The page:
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UFC 134's Apathetic Forrest Griffin Doesn't Have Much Left To Prove

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It's the UFC 134: "Rio" co main event. It's a battle between two former 205-pound champions. It's the rematch of an initial fight that was among the biggest upsets at the time.

For all intents and purposes, the showdown between Forrest Griffin and Mauricio Rua this weekend at the HSBC Arena in Rio de Janeiro, Brazil, should be an eagerly anticipated match up between two light heavyweights ranked among the top 10 in the world, according to the SB Nation / USA Today Consensus MMA Rankings.

So it's too bad that Griffin just doesn't seem to get it. Or, maybe he does, but just doesn't care.

"There isn't really any pressure to prove anything in the rematch," he recently deadpanned.  "I watched the [first] fight again and [Rua] looked pretty good to me.  [The upset win] wasn't like winning the belt or TUF, but beating 'Shogun' is up there. It's below winning TUF, which is the biggest thing I've ever done, and winning the belt, which is the second biggest thing I've ever done. It was obviously pretty big for me at the time because it's what got me a title shot.... I think this rematch is a reasonably good fight for me."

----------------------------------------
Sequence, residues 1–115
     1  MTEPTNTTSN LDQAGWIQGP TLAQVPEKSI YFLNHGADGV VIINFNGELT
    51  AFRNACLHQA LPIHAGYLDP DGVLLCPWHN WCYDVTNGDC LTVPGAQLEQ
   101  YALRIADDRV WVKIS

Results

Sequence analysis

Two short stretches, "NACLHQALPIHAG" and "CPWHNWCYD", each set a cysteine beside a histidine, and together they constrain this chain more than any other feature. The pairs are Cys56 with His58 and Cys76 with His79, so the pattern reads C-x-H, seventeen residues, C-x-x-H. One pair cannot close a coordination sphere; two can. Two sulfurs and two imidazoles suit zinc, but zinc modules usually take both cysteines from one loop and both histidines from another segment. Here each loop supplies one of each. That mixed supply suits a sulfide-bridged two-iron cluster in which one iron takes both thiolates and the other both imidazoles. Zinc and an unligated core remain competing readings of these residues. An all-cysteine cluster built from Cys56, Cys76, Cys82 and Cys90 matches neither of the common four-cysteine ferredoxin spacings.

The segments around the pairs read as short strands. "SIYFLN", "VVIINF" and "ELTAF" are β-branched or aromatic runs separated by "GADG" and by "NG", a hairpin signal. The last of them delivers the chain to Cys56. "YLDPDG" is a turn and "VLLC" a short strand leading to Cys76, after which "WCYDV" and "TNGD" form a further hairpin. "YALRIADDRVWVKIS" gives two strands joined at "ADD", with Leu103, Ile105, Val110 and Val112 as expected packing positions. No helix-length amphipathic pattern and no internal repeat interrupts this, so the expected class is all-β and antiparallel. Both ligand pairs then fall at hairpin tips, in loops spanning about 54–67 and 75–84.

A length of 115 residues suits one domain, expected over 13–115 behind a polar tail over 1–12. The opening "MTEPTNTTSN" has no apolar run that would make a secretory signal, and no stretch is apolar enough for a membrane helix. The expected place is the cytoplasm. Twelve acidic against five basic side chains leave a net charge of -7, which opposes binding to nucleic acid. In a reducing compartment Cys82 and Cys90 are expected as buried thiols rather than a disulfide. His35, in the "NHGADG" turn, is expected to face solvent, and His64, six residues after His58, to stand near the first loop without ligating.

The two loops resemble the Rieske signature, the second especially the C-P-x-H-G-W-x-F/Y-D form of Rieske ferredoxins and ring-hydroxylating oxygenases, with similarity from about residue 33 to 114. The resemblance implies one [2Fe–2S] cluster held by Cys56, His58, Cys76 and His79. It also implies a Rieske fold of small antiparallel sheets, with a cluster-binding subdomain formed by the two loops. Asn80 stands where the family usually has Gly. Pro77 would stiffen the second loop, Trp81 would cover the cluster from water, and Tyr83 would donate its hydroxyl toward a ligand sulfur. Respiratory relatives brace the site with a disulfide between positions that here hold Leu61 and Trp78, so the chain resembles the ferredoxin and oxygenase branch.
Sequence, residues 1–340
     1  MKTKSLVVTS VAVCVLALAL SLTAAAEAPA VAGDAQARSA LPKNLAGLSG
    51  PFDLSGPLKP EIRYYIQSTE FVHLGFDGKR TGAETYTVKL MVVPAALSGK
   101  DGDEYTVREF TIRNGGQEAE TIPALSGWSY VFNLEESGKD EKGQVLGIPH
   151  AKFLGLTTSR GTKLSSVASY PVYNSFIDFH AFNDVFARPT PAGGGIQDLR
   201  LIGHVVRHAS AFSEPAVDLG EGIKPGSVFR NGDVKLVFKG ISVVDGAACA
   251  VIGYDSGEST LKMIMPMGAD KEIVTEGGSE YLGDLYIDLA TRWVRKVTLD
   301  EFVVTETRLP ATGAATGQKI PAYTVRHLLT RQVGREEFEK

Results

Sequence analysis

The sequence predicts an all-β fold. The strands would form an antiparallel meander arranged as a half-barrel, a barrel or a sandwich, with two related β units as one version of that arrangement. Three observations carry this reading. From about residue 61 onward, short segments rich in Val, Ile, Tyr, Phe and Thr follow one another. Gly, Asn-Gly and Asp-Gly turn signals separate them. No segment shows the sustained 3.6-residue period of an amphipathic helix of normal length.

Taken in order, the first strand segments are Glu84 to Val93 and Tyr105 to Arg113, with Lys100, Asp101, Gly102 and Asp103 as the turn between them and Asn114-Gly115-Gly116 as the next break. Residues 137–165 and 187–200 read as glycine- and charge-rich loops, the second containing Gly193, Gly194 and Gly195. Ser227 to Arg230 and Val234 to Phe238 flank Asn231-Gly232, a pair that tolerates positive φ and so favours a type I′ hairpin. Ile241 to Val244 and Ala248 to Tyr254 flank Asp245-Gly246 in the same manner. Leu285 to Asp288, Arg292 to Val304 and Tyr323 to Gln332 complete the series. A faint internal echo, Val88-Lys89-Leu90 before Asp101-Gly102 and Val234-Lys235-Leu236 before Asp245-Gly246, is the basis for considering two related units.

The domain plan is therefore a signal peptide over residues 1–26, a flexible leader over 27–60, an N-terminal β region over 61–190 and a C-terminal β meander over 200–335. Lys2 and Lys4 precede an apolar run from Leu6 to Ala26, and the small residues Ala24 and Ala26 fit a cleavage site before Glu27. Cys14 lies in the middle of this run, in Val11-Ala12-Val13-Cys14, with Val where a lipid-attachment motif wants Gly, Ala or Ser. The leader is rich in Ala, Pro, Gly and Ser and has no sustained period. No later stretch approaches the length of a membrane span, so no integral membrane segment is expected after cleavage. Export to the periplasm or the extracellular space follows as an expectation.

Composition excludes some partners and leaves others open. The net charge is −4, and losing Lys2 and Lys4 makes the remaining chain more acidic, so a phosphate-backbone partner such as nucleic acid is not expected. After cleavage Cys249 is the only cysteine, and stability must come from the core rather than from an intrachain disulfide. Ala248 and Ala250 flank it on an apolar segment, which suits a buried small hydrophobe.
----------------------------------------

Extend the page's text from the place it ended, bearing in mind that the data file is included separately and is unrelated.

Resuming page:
Griffin, 32, welcomed the Pride FC standout to the Octagon back in 2007, scoring an improbable third-round submission win over the talented Brazilian. It was so good, and so impressive, that the promotion anointed him the number one division contender shortly thereafter.

The former law enforcer from Augusta, Ga., would then shock the world once again with a decision win over then champion Quinton Jackson in his next appearance, closing the loop on a meteoric, storybook journey from zero to hero in little more than three years.

Unfortunately, that unlikely run is as good as it's going to get, apparently. 

Griffin recently revealed that fighting hasn't been "exciting, fresh or fun since 2008," which is right around the same time he lost his belt to Rashad Evans at UFC 92. He also admitted that "it's a job, it's money" and that fighting "quit being fun when [he] realized [he] wasn't getting better."

Self-deprecating, sarcastic or not, Griffin's promotion of his fight this weekend against Shogun has been painful. Hopefully, it's all (another) bad joke.

Because this fight should mean something.